It’s the essence of what the conversation is all about. Breaking out of the awkward pause makes sure that essence is lost forever, possibly never to be seen again.

When you find yourself in a conversation and you can feel that you’re in an awkward pause moment, take a deep breath, focus on the other person and just wait. Resist the urge to continue the conversation and let the other person continue digging up the real issue that’s on their mind. Resist the urge to break out of the awkwardness and just let the other person talk when they’re ready.

Embracing the awkward pause is possibly one of the simplest and most effective tools to make you a better listener. It helps you build trust and develop more patience in conversations with your reports and your peers. I’d go as far as considering it an essential leadership skill.

Thanks, Dan, for teaching me an invaluable skill!

Tags: leadership

Being an introverted person in a leadership position is challenging. The one thing that exhaust you the most is now your main focus, interacting with people.

Personally, I didn’t fully realize that I have introverted tendencies until I read the book “Quiet: The Power of Introverts in a World That Can't Stop Talking”. I’d considered myself shy before then, feeling awkward trying to strike up smalltalk conversations, even just talking to other people, and constantly feeling a need to hide in quiet places to get away from chatter and to focus on my own thoughts.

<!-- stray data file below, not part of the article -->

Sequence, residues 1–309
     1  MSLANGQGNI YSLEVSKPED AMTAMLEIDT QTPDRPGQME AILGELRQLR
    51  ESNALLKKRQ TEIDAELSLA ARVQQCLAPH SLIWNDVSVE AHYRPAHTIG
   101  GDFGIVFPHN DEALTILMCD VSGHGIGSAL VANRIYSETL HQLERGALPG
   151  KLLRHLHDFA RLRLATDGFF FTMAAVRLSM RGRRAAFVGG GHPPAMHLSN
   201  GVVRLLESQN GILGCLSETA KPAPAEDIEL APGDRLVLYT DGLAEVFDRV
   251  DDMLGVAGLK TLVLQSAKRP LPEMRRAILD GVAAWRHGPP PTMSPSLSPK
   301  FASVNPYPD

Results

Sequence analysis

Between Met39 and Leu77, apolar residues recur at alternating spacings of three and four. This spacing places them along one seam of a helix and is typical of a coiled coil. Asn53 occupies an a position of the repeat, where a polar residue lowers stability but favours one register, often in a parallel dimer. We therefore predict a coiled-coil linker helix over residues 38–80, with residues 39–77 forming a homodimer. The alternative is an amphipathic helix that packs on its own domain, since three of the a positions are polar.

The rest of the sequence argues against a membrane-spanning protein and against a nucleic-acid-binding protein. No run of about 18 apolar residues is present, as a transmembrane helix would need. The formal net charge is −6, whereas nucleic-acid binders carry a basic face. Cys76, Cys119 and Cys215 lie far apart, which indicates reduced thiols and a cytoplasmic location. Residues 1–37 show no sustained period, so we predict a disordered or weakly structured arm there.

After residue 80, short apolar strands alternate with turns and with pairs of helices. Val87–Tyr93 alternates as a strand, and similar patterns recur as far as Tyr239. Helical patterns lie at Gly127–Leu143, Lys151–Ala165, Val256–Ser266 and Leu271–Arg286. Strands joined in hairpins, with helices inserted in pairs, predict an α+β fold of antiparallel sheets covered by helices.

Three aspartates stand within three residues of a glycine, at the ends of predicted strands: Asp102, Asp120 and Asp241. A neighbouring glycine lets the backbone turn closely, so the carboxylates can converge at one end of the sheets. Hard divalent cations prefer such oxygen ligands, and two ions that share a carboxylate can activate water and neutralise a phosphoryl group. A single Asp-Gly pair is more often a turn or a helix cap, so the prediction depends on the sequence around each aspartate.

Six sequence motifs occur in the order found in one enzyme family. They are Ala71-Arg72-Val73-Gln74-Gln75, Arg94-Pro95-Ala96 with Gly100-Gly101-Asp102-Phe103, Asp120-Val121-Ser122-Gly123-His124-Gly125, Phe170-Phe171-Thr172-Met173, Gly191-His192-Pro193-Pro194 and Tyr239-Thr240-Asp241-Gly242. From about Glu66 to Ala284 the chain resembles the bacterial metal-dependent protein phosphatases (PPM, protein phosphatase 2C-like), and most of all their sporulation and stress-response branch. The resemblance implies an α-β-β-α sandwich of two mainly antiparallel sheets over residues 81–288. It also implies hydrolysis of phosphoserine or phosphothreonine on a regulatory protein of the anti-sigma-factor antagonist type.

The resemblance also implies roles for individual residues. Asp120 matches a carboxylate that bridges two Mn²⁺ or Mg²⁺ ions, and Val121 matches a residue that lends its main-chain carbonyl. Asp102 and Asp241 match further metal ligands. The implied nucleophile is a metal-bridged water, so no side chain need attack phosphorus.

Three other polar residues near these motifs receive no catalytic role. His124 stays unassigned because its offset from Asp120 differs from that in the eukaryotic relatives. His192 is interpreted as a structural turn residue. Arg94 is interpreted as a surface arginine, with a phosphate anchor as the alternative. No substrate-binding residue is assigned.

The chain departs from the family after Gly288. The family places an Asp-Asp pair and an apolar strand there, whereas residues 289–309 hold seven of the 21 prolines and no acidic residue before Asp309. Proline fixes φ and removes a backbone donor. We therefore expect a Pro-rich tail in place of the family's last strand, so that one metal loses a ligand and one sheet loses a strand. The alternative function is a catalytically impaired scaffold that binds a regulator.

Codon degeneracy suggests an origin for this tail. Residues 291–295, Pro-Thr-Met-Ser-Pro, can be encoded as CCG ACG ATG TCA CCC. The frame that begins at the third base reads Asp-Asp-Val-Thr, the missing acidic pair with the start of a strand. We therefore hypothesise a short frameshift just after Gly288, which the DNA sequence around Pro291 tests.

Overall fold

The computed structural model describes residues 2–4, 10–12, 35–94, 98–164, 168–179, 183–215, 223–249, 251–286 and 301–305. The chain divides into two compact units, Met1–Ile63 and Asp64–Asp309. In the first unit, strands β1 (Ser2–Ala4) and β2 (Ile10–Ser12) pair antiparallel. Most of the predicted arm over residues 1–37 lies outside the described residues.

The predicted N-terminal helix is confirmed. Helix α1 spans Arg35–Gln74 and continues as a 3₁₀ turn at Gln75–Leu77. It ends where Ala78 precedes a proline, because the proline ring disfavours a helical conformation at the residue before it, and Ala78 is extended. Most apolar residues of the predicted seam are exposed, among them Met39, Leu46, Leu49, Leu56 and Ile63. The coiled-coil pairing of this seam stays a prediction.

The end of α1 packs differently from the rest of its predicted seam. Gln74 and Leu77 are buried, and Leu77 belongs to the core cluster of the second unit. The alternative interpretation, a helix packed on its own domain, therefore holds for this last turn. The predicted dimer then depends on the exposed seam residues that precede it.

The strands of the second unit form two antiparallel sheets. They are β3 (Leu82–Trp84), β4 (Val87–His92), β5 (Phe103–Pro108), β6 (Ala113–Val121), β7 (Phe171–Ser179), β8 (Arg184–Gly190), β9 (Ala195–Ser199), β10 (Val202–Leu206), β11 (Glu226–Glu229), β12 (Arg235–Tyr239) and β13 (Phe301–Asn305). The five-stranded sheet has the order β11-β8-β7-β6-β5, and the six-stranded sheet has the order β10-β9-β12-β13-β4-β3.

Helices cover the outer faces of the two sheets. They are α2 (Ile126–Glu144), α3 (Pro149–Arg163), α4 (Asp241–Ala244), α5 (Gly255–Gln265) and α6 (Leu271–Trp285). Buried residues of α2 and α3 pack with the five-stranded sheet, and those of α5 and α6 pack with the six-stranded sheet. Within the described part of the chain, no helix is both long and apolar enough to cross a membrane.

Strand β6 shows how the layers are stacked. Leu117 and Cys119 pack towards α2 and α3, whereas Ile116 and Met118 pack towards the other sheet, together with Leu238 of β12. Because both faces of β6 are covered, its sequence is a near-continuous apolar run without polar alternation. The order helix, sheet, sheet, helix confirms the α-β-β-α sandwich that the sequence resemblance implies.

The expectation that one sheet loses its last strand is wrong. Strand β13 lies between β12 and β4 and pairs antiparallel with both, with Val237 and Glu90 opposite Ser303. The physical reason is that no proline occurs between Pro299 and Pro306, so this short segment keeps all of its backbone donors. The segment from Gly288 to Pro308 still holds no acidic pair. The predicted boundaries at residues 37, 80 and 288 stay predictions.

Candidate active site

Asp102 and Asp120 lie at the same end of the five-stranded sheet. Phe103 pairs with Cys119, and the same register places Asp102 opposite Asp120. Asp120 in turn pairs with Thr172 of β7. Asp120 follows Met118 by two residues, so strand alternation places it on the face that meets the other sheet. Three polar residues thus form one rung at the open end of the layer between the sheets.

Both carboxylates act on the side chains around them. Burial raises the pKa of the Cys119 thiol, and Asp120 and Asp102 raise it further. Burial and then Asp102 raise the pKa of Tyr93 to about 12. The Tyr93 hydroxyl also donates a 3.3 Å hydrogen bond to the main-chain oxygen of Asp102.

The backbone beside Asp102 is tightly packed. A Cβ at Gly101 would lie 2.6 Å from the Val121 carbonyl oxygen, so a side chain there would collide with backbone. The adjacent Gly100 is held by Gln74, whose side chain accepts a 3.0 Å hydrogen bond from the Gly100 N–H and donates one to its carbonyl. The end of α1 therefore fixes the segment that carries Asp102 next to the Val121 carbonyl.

I chalked it all up to being shy, and it left me in an uncomfortable position. Am I confident enough that I can pull out the relevant skills to be the CEO of an entire company, especially the people part?

Since then, I identified a few routines that helped me balance the needs of being in a leadership position with my introverted nature.

Read every day

Reading has become a very important part of my day and my progression from trying to get a startup off the ground to taking on the role of leading said startup as it matured.

Books have played an important part in helping me shape my own thinking about what I’d like our company to be, and about what I’d like to become. They’ve helped me narrow down on a few problems and helped me focus on solutions for them.

Beyond that, taking time to read is also time to reflect. A lot of books I’ve read have given me one or two key realizations about what I need to improve, what I’m doing well, and what our company can do differently. That one spark is worth reading an entire book for me.